About the Amur leopard
With as few as 70 adults remaining in the wild – the Amur leopard is probably the rarest and most endangered big cat in the world.
The Amur leopard is a nocturnal creature that lives and hunts alone. Its unique coat – which has widely spaced rosettes with thick black borders – makes it easy to distinguish from other species of leopard. In the summer its coat is short, but in the winter it’s thick– with hairs up to 7cm long to help keep it warm during the harsh Siberian winters.
In the wild, Amur leopards are only found around the border areas between the Russian Far East and north-east China, in a range that’s smaller than 2,500 sq km. That’s an area smaller than Dorset.
Habitat destruction, degradation and poaching of Amur leopards and their prey are persistent threats – and the future of this species is uncertain. The Amur leopard is critically endangered.Adopt an Amur leopard
Why Amur leopards matter
Amur leopards help maintain a healthy balance
Amur leopards are top predators which means they play a crucial role in maintaining a healthy balance of species within their habitat. This in turn influences the condition of the forest and overall ecosystem – which supplies both nature and people with food, freshwater and many other resources.
The Amur leopard also shares its habitat with the Amur tiger – so much of what we do to protect the Amur leopard and its habitat is also helping to protect this beautiful and endangered tiger.
By protecting the Amur leopard, we’re helping to conserve its habitat for the benefit of both people and other wildlife.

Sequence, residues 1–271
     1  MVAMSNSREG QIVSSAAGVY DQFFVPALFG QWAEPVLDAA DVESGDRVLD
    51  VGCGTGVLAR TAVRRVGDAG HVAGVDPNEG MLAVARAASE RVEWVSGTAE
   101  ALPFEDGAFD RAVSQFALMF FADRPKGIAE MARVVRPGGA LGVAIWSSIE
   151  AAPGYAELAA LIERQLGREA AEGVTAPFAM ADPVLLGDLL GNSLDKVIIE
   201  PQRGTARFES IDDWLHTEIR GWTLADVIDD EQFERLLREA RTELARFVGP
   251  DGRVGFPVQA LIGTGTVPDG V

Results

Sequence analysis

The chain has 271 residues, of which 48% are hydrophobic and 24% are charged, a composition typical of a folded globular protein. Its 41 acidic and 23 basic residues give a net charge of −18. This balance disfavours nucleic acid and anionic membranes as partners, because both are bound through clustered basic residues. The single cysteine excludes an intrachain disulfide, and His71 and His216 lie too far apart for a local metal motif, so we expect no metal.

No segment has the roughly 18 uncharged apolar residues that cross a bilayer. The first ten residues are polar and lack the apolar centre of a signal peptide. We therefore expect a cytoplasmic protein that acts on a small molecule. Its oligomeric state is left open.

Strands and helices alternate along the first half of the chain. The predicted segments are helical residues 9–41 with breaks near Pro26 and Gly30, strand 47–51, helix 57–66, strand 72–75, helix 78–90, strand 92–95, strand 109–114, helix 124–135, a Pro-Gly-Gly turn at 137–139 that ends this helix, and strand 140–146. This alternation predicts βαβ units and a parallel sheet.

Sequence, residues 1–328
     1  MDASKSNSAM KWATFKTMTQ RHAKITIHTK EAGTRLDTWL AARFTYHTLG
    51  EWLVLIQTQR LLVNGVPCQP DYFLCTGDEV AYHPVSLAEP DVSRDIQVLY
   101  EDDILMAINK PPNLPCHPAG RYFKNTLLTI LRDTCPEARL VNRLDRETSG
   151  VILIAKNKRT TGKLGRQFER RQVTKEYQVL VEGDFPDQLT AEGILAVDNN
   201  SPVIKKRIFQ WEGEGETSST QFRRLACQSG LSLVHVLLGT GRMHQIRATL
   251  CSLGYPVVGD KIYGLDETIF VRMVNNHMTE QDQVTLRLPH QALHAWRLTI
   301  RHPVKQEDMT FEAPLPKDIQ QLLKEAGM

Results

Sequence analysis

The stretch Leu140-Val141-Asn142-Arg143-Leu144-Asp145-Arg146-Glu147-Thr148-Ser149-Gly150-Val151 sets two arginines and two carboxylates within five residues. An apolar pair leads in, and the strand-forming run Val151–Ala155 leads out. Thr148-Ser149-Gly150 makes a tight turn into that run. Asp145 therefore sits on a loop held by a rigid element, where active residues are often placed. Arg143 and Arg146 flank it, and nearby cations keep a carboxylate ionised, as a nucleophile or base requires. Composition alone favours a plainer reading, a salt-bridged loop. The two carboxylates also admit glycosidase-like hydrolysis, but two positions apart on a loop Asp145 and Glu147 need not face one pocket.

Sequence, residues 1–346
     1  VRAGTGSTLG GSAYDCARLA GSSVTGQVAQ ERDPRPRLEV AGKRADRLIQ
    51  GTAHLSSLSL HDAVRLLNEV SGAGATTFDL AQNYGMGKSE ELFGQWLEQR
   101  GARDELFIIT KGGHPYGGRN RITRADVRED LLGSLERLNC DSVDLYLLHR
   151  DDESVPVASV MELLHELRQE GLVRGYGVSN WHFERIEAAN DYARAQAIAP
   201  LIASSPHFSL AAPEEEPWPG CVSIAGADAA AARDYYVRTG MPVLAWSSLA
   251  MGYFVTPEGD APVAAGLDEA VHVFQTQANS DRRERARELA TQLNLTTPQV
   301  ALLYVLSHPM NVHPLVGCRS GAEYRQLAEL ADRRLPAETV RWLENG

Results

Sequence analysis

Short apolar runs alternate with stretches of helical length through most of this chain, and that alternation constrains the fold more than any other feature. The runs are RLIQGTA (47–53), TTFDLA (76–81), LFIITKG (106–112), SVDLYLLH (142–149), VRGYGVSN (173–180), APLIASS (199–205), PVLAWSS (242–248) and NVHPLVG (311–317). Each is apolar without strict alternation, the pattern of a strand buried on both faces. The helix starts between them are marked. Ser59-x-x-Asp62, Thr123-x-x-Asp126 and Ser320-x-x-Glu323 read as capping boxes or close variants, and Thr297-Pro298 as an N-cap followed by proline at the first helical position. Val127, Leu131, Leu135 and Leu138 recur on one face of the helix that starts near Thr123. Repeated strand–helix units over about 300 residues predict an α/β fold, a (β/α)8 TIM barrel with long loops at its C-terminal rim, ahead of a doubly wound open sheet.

Threats to Amur leopards
Encroaching human civilisation, building of new roads, logging and forest fires are destroying Amur leopard habitat. It’s estimated that nearly 20% of Amur leopard habitat is affected by forest fires every year.
Amur leopard prey is in decline because of hunting, fires and habitat loss. The leopards often favour the same prey as Amur tigers, so both these species of big cat are affected.
Because so few Amur leopards remain, they’re vulnerable to the effects of inbreeding. This can reduce the health and fitness of individuals or whole populations.
Amur leopards are also at risk from poaching for the illegal trade in body parts. Their beautiful coats are particularly sought after, as well as their bones which are used in traditional Asian medicines.
How WWF is helping protect Amur leopards
We’ve helped significantly to increase the numbers of deer and wild boar in Amur leopard habitat – by supplementing the food of these prey species during hard winters, vaccinating wild boar against disease, and educating wildlife managers and hunters on how to maintain healthy population numbers of ungulates.
We work alongside TRAFFIC (the wildlife trade monitoring network) to investigate and crack down on the illegal trade in Amur leopard products – and to reduce demand, so that this trade will no longer be a significant threat to the conservation of this species.
We’re working with local communities, regional authorities and governments to increase the amount of protected land that’s available to Amur leopards. We promote ways to reduce illegal and unsustainable forest practices.. This helps to protect what little Amur leopard habitat remains.
Success story: 22% increase in Amur leopardsA survey in 2013 showed an increase from around 35 in 2007 to around 45 adult Amur leopards in the wild.
There are now around 70 adult Amur leopards in the wild - around 50 in Russia and a small population in north-east China.
Also, previous DNA analysis showed the population ratio of males to females was around 50:50 – giving great hope for the continued recovery of the population. This increase in numbers demonstrates that conservation can work – and gives us hope that this species can recover from the brink of extinction.
How you can help protect Amur leopards
Make a donation ›
£60 could buy 2000 tree seedlings to be planted in critical areas of leopard habitat
Adopt a Amur leopard ›
Adopt an Amur leopard and help protect the 70 that remain in the wild.
Help stop wildlife crime ›
Just £3 a month can help us stop the trade in body parts that are sold for pointless profit.